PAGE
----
St. Jude touts positive Fame II study results; safety board urges enrollment halt

Good news from St. Jude Medical ($STJ) this morning. A data safety monitoring board has recommended that investigators halt enrollment in the Fame II study after seeing that fewer coronary artery disease patients were readmitted to the hospital when fractional flow reserve (FFR)-guided assessment was used in conjunction with optimal medical therapy. In fact, the board deemed it "unethical" to treat trial subjects with optimal medical therapy alone, as more patients randomized to this group faced hospital readmission and revascularization procedures.

FFR is measured using St. Jude Medical's PressureWire Aeris and PressureWire Certus and helps identify those coronary narrowings that are responsible for obstructing the flow of blood to a patient's heart muscle. The company has touted the approach as a way to save the healthcare system money because FFR measurements can help eliminate unnecessary stenting procedures and guide doctors toward the correct treatment for each patient, according to the St. Jude website.

Last year, a study published in the Journal of the Medical Association found that in nearly 12% of nonemergency situations in which percutaneous coronary interventions were used, they were unnecessary, according to the Los Angeles Times. The most well-known procedure is angioplasty, during which a stent is inserted to keep the blood vessel open.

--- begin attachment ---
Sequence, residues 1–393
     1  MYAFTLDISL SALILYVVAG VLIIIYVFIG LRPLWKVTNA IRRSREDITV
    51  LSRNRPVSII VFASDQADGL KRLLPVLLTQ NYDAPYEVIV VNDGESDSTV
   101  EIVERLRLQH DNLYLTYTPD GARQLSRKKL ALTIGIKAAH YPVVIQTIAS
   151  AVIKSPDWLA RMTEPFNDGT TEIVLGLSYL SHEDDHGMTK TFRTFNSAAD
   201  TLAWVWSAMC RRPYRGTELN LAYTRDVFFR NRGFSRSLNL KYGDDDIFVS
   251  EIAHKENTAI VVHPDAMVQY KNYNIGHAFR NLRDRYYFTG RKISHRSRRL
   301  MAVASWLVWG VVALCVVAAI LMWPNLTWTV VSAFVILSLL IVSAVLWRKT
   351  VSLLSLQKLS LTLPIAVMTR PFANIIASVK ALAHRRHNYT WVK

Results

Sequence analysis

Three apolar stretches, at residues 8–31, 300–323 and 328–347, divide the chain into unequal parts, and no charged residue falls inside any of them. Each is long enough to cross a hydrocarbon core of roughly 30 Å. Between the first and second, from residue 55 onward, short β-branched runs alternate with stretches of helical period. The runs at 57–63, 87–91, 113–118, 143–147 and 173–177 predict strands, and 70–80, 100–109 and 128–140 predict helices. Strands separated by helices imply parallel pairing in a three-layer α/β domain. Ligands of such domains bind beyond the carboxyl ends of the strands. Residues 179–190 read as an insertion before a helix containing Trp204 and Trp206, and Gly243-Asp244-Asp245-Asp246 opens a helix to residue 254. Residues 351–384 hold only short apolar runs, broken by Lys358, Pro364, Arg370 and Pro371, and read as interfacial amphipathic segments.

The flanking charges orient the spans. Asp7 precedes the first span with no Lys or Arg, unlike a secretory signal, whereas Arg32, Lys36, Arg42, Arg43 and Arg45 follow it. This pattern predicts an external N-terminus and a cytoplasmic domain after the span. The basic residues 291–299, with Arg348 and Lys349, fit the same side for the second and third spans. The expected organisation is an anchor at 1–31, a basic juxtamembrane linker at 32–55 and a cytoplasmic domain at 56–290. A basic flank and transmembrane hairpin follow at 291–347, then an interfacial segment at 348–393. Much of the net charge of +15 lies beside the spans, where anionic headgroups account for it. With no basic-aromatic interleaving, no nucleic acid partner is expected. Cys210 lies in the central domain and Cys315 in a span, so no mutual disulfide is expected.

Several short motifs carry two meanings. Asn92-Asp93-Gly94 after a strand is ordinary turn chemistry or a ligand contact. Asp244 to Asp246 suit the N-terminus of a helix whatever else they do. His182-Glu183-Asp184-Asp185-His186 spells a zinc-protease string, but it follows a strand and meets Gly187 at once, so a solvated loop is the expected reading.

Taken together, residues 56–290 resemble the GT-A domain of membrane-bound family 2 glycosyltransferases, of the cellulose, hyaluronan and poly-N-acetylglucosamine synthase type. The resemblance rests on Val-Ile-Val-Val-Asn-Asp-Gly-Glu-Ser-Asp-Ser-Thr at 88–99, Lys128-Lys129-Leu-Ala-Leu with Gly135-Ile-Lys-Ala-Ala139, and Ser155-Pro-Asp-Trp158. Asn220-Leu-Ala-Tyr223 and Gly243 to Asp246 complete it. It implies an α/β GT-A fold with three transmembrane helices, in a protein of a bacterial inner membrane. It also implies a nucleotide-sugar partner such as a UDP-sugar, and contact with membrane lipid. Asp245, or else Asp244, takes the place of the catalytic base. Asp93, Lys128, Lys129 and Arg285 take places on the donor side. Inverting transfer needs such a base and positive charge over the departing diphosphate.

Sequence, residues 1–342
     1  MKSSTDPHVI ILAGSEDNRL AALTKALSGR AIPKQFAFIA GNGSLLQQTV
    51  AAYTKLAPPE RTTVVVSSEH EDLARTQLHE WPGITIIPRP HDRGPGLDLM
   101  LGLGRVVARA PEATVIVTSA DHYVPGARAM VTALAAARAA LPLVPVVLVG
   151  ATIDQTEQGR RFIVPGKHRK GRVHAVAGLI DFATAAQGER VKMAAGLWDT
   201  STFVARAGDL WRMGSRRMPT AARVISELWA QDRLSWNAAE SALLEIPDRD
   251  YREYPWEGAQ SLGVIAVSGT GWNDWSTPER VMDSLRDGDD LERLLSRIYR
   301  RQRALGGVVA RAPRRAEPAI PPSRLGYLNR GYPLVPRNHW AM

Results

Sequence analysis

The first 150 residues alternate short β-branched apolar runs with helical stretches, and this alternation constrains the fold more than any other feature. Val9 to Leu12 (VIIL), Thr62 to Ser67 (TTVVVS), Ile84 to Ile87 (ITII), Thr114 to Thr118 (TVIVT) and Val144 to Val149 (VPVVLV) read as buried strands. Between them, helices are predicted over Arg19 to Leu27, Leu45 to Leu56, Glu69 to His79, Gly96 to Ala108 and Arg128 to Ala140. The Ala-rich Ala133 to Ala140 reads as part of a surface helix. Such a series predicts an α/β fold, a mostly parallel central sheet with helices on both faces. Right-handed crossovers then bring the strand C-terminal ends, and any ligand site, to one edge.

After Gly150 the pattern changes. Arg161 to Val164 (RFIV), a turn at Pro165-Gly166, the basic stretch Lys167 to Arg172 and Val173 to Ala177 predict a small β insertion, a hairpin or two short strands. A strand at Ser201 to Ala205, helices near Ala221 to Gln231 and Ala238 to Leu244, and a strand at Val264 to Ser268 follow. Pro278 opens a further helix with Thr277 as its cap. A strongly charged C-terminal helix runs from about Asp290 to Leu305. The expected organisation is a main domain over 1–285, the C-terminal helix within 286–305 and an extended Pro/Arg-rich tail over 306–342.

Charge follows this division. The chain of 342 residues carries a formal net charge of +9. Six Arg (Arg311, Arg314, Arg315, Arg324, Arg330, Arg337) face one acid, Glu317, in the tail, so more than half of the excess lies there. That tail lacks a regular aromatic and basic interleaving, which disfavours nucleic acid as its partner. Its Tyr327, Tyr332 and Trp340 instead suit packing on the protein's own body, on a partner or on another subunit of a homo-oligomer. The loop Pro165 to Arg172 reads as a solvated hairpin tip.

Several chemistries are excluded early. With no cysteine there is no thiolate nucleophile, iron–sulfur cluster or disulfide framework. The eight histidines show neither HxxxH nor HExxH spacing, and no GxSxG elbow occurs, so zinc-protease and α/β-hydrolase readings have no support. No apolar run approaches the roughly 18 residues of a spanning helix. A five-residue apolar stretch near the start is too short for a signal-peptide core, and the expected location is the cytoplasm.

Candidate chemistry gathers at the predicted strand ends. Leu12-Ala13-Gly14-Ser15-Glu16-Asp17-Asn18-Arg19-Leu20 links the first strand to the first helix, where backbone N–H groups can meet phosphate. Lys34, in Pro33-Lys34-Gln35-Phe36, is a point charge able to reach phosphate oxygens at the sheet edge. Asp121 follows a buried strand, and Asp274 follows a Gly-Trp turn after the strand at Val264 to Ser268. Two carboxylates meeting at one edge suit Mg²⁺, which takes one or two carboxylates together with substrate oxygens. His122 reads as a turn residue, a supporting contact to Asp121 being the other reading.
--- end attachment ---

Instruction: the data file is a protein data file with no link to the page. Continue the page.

This new data gives St. Jude hope about the future of FFR-guided therapy. "The Fame II trial is unprecedented in its ability to provide further answers and evidence regarding the optimal way to treat patients with coronary artery disease and myocardial ischemia," said Bernard De Bruyne, of the OLV Clinic in Aalst, Belgium, and coordinating clinical investigator of the Fame II trial, in a statement. "What we observed to date regarding urgent revascularizations validates the profound role that FFR-guided therapy has in improving patient outcomes. This is further evidence that FFR should be considered the standard of care for patients with coronary artery disease."

In light of the data, investigators will continue to monitor currently enrolled patients. The company expects initial results from the trial sometime this year.

News of the positive data comes roughly a week after St. Jude said it expected net sales of about $1.4 billion for the fourth quarter of 2011, an increase of about 4% versus the same period of 2010. Company execs expressed optimism about the results. "MedTech fundamentals weakened during the second half of 2011," Daniel Starks said in a statement. "We therefore are especially pleased with our sales results, with two of four divisions exceeding our fourth-quarter guidance."

The company will discuss its Q4 results more fully Jan. 25.

- see the St. Jude release

Suggested Articles

The clinical testing giant LabCorp will now begin rolling out a blood test for lung cancer developed by Resolution Bioscience.

Cognoa aims to equip pediatricians with an AI-powered app that can spot the signs of autism, allowing them to diagnose in the doctor's office.

Longitude Capital invests in what its founders call “transformative healthcare companies," working in areas they hope will increase quality of life.